Melbourne recently held an Emergency Shelter Exhibition in Federation Square, where BVN Architecture created a beautiful shelter that fits together like a 3D puzzle. Starting from materials that are likely available immediately after a disaster, BVN set out to create a shelter that not only provided necessary protection from the elements, but also was inspiring and provides an element of joy. Prefabricated plywood pieces are laser-cut and then assembled together like a 3D dinosaur puzzle, and the shelter is designed to be wrapped in plastic or vinyl sheeting to protect the interior from rain, sun and wind.
The Melbourne Emergency Shelter Exhibition lasted from May 1-5, 2013 and was held in Federation Square where leading architects from the area designed and built emergency shelters. The purpose of the event was to explore solutions to emergency shelters in disaster-affected locations around the world. Obviously shelters are created to protect victims from the elements, but this exhibition also set out to explore how disaster relief and shelters could also provide support and comfort.
BVN’s solution explored the range of options in materials, but they settled on prefabrication using plywood. Plywood sheets are laser cut into 40 differently shaped pieces. These are then flat packed and shipped to the site, where 1-2 people assemble the shelter. No tools are needed and shelter is as easy to assemble as an IKEA cupboard. Plastic sheeting is affixed the exterior. The resulting circular shelter has an opening to access the interior and the shape of the parts create benches and a sleeping berth.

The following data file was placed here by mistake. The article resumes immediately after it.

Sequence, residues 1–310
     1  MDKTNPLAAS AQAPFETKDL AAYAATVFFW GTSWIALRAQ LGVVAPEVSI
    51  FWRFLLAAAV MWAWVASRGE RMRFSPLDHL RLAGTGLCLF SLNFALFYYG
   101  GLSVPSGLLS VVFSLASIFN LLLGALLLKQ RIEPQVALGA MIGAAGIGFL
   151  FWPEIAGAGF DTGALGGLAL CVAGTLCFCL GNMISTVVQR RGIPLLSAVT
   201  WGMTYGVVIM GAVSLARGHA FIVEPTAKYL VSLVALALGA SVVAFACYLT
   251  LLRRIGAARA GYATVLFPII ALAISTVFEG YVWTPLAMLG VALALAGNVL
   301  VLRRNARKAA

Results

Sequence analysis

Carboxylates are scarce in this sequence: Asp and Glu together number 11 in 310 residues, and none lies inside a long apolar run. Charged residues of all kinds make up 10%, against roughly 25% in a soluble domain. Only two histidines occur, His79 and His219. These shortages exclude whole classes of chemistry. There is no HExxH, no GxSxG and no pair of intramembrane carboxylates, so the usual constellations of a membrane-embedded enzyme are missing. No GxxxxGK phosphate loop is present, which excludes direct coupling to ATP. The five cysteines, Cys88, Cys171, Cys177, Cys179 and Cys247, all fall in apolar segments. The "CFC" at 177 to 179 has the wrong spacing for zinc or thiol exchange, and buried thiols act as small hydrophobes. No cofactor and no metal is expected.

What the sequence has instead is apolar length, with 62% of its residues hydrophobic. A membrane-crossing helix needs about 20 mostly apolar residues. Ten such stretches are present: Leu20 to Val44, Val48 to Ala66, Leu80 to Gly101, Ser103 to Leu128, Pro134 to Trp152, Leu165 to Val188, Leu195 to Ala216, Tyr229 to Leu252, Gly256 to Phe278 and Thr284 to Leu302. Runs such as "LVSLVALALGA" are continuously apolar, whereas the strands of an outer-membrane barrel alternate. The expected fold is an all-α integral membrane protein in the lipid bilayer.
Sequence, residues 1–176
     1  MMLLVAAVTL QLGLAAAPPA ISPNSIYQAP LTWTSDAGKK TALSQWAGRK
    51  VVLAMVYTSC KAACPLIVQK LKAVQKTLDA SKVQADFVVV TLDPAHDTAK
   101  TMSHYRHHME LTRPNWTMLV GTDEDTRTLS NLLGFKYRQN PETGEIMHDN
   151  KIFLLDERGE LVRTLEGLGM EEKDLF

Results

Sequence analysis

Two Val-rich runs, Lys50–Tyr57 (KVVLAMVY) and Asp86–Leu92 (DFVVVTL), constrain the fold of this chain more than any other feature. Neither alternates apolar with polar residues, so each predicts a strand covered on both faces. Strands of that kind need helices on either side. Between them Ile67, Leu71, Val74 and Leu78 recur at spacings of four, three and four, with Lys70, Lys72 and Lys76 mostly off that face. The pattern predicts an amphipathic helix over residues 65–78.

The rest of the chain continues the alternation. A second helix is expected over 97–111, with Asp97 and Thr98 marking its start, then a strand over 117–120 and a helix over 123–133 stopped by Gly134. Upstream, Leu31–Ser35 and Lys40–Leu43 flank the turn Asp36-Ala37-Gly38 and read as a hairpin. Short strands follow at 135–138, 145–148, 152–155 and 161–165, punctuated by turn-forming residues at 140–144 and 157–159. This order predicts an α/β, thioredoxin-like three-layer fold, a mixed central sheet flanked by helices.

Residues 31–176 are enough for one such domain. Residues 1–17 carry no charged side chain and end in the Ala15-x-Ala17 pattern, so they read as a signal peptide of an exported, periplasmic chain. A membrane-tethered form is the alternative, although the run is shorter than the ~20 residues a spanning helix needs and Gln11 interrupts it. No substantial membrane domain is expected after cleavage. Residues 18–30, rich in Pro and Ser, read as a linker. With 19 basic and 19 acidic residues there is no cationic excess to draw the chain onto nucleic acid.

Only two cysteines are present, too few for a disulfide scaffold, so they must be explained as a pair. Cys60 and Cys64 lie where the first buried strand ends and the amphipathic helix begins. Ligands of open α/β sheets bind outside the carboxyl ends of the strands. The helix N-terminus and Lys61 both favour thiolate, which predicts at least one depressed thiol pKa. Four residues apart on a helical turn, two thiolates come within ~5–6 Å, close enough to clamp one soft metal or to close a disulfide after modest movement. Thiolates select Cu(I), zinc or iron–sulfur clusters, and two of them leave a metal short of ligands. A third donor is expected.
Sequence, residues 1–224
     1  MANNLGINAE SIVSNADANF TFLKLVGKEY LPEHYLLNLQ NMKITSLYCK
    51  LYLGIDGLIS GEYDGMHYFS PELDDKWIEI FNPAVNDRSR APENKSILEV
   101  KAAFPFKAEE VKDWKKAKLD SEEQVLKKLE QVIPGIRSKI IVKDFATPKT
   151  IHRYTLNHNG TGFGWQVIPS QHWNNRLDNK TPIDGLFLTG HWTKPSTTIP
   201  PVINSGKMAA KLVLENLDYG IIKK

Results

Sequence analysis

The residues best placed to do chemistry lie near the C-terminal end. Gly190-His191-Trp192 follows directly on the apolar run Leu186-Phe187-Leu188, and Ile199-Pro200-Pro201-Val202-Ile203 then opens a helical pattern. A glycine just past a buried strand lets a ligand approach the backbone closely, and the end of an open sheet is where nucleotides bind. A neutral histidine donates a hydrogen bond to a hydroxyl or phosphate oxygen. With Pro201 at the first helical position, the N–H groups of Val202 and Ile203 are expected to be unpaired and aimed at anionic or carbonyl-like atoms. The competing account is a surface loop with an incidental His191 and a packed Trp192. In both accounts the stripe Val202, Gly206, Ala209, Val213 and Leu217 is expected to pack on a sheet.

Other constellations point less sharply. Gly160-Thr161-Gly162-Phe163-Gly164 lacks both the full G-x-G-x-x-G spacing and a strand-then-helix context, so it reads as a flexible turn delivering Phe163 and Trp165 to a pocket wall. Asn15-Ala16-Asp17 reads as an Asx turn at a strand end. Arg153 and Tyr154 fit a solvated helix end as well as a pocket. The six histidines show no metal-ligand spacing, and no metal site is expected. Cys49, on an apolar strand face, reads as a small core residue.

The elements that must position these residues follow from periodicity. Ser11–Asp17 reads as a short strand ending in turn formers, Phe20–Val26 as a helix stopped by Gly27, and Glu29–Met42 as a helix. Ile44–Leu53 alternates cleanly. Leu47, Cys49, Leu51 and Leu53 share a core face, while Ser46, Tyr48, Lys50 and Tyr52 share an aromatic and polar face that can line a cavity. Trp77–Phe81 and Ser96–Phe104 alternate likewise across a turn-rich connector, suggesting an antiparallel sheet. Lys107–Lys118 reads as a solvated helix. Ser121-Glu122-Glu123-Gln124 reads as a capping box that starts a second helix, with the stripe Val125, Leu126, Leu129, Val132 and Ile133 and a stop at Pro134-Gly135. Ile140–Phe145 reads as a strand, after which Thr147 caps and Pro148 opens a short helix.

The Emergency Shelter by BVN Architecture is a working prototype, but provides a space where people can gather and feel safe. “Central to our thinking has been designing a shelter that provides a sense of joy, delight and spatial experiences that are nurturing in a time of tragedy and displacement,” said Jane Williams, Principal, BVN Donovan Hill. By questioning what the internal and external qualities could be, we can design shelters that provide meaningful spaces – private space for individuals and families, enabling children to play and groups gather without it being in a central hall used by hundreds of people.”
Images ©BVN Architecture